Children might not receive protection from ‘pre-existing exclusion’ until 2014: AP
Houston Tracy was only a few days old when he ran into one of the most controversial elements of the US health care system: Being denied coverage for a “pre-existing condition.”
The newborn from Crowley, Texas, near Fort Worth, was diagnosed with a condition known as d-transformation of the great arteries. The two major vessels that carry blood to and from Houston’s lungs are reversed. Oxygen-rich blood flows back to the lungs; oxygen-starved blood flows through his body instead, damaging his heart.
Shortly after his March 15 birth, Houston’s parents, Doug and Kim Tracy, were notified by BlueCross BlueShield of Texas that their son doesn’t qualify for health insurance because of his “pre-existing condition.”
“How can he have a pre-existing condition if the baby didn’t exist until now?” Doug Tracy asked the Fort Worth Star-Telegram.
The Tracys’ health care situation is somewhat complex. According to the CBS affiliate in Dallas, the Tracys are small business owners who can’t afford health insurance for themselves. They did, however, purchase plans for their two other children.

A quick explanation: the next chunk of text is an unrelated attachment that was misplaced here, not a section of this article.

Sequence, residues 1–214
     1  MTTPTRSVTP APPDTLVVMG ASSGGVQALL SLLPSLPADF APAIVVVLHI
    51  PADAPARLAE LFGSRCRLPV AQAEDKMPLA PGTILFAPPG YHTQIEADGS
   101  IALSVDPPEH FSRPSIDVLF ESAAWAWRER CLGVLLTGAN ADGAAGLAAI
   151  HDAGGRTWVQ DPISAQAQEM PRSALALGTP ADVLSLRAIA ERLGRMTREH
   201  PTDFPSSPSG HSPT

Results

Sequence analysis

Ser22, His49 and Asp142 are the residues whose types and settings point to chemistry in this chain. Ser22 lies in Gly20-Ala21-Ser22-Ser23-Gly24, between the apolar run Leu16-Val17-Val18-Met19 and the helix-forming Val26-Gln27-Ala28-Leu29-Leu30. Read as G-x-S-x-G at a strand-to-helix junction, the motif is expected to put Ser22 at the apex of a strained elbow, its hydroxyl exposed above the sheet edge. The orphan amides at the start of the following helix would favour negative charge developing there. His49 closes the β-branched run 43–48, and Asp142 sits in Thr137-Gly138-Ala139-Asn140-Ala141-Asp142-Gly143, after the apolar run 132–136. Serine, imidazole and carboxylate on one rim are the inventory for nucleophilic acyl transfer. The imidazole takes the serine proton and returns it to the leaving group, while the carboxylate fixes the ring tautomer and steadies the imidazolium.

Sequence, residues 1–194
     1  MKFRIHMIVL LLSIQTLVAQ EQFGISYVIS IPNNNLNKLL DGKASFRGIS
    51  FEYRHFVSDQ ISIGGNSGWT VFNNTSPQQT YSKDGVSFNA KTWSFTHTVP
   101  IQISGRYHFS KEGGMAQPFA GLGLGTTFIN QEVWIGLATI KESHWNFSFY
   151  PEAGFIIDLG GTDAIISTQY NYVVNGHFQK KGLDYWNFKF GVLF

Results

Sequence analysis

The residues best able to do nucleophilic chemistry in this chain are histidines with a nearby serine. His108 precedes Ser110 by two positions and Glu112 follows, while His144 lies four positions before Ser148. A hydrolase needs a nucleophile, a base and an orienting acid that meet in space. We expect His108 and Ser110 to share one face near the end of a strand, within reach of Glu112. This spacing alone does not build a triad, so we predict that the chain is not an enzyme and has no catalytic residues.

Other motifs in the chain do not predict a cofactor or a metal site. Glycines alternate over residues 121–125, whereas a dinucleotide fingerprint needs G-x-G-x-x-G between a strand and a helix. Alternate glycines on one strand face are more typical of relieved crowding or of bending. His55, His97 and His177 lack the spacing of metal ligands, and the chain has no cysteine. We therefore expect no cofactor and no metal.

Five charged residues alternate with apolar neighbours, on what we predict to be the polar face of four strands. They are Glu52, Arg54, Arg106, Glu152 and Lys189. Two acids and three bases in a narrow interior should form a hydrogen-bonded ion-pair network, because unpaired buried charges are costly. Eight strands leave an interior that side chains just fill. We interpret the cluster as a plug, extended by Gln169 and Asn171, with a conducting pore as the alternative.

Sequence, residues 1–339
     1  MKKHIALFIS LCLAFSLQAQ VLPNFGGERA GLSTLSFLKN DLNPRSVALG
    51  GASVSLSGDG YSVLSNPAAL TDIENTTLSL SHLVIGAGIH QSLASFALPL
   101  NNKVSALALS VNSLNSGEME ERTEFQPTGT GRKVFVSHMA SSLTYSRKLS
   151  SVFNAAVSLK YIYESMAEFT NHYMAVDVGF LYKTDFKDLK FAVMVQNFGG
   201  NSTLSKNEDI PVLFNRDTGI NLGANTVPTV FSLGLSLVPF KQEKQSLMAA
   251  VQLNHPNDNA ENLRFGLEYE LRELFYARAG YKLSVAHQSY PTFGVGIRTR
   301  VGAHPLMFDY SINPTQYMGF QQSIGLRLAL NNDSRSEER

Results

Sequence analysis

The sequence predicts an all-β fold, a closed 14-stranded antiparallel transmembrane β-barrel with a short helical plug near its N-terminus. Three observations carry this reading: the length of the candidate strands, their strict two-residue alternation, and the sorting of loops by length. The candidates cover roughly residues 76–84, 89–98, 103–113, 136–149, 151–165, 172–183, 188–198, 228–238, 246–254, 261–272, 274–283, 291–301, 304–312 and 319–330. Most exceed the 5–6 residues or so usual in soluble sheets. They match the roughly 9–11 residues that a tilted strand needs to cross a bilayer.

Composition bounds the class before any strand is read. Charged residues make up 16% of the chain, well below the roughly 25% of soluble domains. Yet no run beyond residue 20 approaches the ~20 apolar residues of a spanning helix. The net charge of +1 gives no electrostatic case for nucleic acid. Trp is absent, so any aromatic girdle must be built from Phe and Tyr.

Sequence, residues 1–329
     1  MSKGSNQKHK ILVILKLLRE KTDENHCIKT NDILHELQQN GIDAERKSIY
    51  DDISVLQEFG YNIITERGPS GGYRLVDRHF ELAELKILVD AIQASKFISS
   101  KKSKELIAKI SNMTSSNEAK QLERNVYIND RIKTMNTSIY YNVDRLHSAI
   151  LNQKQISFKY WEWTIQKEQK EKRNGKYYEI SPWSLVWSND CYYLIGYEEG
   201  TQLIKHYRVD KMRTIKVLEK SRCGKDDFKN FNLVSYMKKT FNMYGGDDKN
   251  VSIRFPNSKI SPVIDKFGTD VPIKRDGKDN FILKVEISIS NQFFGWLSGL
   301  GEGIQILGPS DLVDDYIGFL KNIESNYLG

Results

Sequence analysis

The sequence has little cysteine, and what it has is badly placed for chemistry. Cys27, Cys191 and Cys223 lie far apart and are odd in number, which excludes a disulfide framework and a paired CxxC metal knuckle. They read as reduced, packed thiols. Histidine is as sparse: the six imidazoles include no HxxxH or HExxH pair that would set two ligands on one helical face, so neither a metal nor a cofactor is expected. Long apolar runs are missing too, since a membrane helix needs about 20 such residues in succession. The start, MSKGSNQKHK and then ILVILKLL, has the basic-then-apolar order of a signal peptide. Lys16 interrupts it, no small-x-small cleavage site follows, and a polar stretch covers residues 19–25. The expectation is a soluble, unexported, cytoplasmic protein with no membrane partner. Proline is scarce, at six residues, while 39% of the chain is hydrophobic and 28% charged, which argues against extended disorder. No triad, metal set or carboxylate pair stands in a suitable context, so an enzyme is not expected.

BlueCross BlueShield told the Star-Telegram that a newborn can be added onto a family health plan without an assessment of its eligibility within 31 days of the child’s birth — but only if the parents are also on the plan. Since the Tracys weren’t themselves on the plan, Houston had to undergo an assessment. And, evidently, he failed the insurer’s standards.
The Star-Telegram notes that the Democrats’ recently-passed health reform law comes several months too late for Houston — the provision banning insurers from denying coverage on the basis of “pre-existing conditions” doesn’t come into effect until September.
But whether or not Houston would have received coverage even if he had been born after September is a matter of some debate. The Associated Press reports that some health care advocates and insurance companies are saying that “the law does not clearly state that such protection starts this year.”
If it doesn’t, uninsured children with pre-existing conditions might not get help until 2014, when the law requires insurers to issue policies for all applicants regardless of health condition. There is no doubt that for children who are enrolled in insurance plans, the new law bars insurers from excluding coverage of any pre-existing conditions.
In response to the concerns, the Obama administration is reportedly planning to issue “clarifying regulations” which will assert that children can’t be denied coverage for pre-existing coverage as of this year, AP reports.
“To ensure that there is no ambiguity on this point, the Secretary of HHS is preparing to issue regulations next month making it clear that the term ‘pre-existing exclusion’ applies to both a child’s access to a plan and to his or her benefits once he or she is in the plan,Ã¢â‚¬Â said Health and Human Services spokesman Nick Papas.